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Living Root Bridges of Meghalaya

04 Oct 2013 By  Shrirang Joshi

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A cousin of mine, a Colonel in the Indian Army recently got posted at Tejpur,Assam – one state from  the Seven Sisters in India. This was good enough a reason to make a trip to that part of the country. We had about a week at hand. In this time, we selected the obvious choices – Guwahati, Kaziranga National Park, Shillong and Cherrapunjee.

We all studied as kids,   Cherrapunjee is the place which gets (or used to get) the maximum rainfall. There is one more natural wonder at Cherrapunjee and, is relatively less known. In Meghalaya, one finds living root bridges. These bridges are made from the roots of the Ficus elastica tree. This tree produces a series of secondary roots from higher up its trunk which can comfortably perch atop huge boulders along the riverbanks, or even in the middle of the rivers themselves. Whenever and wherever the need arises, the Khasis (the tribals in this region) simply grow their bridges. In order to make a rubber tree's roots grow in the right direction - say, over a river - the Khasis use betel nut trunks, sliced down the middle and hollowed out, to create root-guidance systems. The thin, tender roots of the rubber tree, prevented from fanning out by the betel nut trunks, grow straight out. When they reach the other side of the river, they're allowed to take root in the soil. Given enough time, a sturdy, living bridge is produced. The root bridges, some of which are over a hundred feet long, take ten to fifteen years to become fully functional, but they're extraordinarily strong .Strong enough to   even support the weight of fifty or more people at a time. Because they are alive and still growing, the bridges actually gain strength over time . Some of the ancient root bridges used daily by the people of the villages around Cherrapunjee may be well over five hundred years old.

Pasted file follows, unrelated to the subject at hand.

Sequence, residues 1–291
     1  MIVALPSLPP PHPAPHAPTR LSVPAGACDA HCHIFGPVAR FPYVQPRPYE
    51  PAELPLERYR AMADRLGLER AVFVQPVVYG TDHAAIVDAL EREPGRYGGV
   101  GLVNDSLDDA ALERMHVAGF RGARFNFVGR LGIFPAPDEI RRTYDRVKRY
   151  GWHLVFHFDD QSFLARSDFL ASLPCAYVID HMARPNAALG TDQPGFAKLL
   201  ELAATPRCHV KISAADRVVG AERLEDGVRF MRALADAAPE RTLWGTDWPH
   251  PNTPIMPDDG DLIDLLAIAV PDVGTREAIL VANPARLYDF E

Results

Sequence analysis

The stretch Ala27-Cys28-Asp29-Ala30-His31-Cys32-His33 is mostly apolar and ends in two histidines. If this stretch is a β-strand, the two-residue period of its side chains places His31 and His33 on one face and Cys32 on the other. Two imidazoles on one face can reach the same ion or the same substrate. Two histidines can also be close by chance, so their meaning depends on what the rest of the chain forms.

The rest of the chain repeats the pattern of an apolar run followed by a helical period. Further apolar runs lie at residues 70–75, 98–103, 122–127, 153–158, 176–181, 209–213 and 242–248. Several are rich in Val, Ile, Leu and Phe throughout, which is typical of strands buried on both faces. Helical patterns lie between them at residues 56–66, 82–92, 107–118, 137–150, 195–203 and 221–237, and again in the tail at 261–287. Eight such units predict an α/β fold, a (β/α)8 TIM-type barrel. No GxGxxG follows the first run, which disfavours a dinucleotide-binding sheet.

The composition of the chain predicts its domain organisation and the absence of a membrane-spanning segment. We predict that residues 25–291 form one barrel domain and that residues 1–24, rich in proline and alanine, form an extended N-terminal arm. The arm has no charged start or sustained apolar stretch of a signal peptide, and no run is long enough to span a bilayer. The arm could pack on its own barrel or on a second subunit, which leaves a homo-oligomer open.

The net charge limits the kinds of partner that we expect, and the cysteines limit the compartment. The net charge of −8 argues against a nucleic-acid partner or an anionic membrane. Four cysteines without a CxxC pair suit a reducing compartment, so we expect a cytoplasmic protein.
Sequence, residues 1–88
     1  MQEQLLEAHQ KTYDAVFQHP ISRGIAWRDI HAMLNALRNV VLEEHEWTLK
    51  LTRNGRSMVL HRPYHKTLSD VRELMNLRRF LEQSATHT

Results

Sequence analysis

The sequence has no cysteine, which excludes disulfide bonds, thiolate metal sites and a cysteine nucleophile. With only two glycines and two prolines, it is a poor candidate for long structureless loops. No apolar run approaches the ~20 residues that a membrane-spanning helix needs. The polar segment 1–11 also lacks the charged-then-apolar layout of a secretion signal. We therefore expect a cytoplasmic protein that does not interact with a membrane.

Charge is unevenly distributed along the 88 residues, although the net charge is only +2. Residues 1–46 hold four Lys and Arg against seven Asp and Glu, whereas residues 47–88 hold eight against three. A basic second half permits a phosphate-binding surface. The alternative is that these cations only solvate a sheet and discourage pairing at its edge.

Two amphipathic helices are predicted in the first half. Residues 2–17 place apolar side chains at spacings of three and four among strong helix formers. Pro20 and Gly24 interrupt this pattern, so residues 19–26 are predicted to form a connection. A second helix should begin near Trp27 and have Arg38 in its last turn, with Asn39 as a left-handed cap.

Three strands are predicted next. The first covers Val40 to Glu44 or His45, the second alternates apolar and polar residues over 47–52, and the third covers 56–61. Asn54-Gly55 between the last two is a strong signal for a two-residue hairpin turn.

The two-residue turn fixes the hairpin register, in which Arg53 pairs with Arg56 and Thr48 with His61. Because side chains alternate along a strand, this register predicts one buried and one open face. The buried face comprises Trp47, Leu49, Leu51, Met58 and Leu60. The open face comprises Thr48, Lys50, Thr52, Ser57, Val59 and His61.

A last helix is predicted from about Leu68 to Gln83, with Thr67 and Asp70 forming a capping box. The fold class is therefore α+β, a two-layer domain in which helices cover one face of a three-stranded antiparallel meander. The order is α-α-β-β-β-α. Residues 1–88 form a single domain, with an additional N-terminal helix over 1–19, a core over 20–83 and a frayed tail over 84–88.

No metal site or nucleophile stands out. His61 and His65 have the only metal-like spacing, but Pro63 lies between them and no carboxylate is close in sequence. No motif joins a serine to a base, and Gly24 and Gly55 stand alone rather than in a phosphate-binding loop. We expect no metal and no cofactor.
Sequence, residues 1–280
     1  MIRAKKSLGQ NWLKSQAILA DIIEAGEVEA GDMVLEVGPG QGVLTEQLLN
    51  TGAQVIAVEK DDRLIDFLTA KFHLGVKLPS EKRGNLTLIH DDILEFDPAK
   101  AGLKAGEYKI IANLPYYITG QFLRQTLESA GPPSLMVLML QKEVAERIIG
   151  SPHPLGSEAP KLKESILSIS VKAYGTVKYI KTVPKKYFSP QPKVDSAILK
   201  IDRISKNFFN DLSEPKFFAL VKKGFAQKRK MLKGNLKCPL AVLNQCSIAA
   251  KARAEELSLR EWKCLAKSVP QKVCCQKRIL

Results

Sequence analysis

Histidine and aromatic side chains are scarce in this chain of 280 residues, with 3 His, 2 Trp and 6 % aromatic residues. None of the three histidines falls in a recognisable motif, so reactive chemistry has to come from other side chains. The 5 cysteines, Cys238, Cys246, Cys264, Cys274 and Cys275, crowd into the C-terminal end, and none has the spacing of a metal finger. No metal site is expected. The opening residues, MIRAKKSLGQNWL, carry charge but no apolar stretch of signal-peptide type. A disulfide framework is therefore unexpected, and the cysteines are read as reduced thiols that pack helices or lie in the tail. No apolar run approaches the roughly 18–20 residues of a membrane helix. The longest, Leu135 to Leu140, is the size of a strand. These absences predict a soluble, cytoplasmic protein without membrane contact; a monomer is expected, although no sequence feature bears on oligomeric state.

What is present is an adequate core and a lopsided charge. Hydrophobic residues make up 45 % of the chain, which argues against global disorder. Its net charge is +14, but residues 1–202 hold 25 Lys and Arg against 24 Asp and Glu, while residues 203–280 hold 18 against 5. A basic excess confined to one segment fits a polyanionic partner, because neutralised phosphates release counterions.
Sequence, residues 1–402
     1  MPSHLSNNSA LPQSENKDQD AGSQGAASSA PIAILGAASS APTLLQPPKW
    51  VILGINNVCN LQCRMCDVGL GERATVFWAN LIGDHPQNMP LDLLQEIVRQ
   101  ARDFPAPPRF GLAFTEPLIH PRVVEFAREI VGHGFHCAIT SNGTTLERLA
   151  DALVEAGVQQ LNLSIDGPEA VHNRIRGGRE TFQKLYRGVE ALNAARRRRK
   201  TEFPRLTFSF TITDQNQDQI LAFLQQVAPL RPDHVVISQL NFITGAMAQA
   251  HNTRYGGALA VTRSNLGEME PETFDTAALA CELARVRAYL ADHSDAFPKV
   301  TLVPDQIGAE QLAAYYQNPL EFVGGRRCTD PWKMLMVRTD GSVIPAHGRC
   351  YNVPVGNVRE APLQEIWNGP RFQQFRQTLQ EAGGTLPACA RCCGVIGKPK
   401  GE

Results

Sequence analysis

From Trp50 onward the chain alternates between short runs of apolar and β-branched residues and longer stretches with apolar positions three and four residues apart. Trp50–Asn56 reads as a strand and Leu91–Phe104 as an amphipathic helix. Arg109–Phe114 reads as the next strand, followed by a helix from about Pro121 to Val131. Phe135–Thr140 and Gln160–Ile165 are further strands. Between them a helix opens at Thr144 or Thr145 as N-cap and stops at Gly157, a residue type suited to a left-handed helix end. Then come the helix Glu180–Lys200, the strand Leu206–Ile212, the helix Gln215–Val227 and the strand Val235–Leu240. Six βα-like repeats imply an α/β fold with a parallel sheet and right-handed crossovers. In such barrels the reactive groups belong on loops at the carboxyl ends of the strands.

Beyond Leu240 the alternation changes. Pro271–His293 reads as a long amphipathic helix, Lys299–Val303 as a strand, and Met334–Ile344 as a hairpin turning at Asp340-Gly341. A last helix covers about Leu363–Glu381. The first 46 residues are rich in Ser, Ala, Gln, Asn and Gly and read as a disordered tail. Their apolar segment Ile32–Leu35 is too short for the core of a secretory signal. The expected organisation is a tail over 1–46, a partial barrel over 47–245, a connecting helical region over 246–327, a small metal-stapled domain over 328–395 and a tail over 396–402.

The access to the closest root bridge around Cherrapunjee is little tricky. Here are the directions:

  • Start from Shillong and drive towards Dawki.
  • The winding road continues for some time and you hit a 'T' junction. At this 'T' turn right.
  • Continue driving for some time till the road forks. At the fork, the right turn goes to Nohmet and the left one goes to Mawlynnong. From both these villages, you could reach the root bridge.
  • There is a parking lot in Mawlynnong. Going to root bridge via Mawlynnong is more convenient.
  • GPS can locate Mawlynnong, Meghalaya. But, it may not show the road to this place. That could be because the version of maps that my GPS has, could be a bit old.
  • The steeply winding road to the Root Bridge may cause some people to feel sick.
Country : India
State : Meghalaya
City : Cherrapunji
Language : English
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